Entrepreneur: Thanks for the advice. We thought that our marketing expenses were okay. Our Accountant produced the figures and that’s what he believed would be sufficient to generate the sales in the plan.
Investor: I’ll tell you straight up. I don’t like your founding team. You guy’s don’t have the level of experience that can take your idea and turn it into a business that I would be prepared to invest in. Right now, I’m not going to invest. You need to work on your business more.

Entrepreneur: Wow, err, well thanks for your time

This scenario plays out countless times all over the world. First time entrepreneurs do not realize what they need to do in order to construct a viable investment proposal to Business Angels and Venture Capitalists. If entrepreneurs understood what was required to get investment from the very start, they would be able to structure their business model in such a way that would make it easier for them to get funding to scale.

It’s not complicated. In fact, it’s much simpler than many first time entrepreneurs believe. Get traction, become cash flow positive and make profits. Experienced investors will be able to judge the benefits of their investment to your business and get a more realistic appraisal of the potential returns.

Sadly, many entrepreneurs don’t put themselves in an investor’s shoes. However, if they investigate what makes a good investment for a Business Angel or Venture Capitalist they will be able to fit their business model into this criteria. It’s like looking down the sight instead of just firing wildly from the hip.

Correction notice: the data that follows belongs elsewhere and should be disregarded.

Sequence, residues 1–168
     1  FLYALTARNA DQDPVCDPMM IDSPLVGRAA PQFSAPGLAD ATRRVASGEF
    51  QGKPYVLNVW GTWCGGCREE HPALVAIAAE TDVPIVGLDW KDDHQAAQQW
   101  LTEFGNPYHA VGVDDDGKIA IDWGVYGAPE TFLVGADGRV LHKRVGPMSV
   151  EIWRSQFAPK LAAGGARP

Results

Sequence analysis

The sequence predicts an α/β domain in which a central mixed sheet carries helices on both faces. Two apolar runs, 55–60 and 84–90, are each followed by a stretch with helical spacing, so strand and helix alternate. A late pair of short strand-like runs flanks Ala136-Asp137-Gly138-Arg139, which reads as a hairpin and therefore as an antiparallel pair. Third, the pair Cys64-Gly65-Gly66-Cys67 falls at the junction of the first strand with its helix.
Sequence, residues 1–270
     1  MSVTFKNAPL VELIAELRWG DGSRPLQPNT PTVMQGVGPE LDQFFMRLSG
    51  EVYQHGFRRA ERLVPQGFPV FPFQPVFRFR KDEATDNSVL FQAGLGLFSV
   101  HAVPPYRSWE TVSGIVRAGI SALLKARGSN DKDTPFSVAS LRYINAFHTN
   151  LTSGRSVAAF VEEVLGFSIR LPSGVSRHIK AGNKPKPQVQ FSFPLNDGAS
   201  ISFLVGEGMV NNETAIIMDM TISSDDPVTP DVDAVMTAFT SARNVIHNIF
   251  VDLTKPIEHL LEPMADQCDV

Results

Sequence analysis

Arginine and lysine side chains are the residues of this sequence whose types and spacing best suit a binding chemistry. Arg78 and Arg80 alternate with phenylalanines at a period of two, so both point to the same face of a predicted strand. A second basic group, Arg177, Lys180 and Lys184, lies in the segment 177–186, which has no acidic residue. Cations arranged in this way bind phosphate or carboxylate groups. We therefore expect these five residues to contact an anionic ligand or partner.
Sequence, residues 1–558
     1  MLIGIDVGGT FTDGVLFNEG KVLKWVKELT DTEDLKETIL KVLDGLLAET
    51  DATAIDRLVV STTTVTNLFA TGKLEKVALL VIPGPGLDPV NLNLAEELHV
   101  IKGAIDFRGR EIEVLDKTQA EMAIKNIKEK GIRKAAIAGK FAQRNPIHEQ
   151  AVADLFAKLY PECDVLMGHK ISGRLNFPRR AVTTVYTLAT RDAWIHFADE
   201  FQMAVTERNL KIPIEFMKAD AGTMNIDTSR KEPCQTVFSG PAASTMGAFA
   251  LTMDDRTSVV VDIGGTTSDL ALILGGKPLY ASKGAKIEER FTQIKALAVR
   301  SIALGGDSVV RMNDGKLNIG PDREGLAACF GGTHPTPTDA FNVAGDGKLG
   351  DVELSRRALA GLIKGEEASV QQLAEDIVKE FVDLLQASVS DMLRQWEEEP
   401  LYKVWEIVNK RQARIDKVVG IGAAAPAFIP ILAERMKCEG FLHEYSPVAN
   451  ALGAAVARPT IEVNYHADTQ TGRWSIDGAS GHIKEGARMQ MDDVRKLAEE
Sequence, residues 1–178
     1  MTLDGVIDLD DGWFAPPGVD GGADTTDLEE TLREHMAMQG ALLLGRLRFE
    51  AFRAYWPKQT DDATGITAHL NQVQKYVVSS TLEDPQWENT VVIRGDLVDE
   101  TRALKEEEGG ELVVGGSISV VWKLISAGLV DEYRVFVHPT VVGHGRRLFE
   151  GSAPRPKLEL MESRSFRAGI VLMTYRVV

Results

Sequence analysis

In order to avoid the above scenario, entrepreneurs need to focus on creating a sustainable business model that will generate returns for investors. There is no need for window dressing. Remember, investors don’t invest in an idea they invest in a business. So, build a business.

Check out this free Ebook called “Target Series A: From Idea to Investment” that shows first time entrepreneurs how to position their business for investment.

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7 January 2010 2 Comments

How to Formulate the Sales Figures in Your Business Plan

Ok, many entrepreneurs get this very wrong. Some do not apply any methodology to obtaining their sales figures. In the vast majority of business plans, the sales assumptions are simply plucked out of thin air. As a result, the vast majority of business pans are worthless and are a waste of time, energy and natural resources.

Would you build a house on quick sand? Then why would you build a business plan on unvalidated sales assumptions?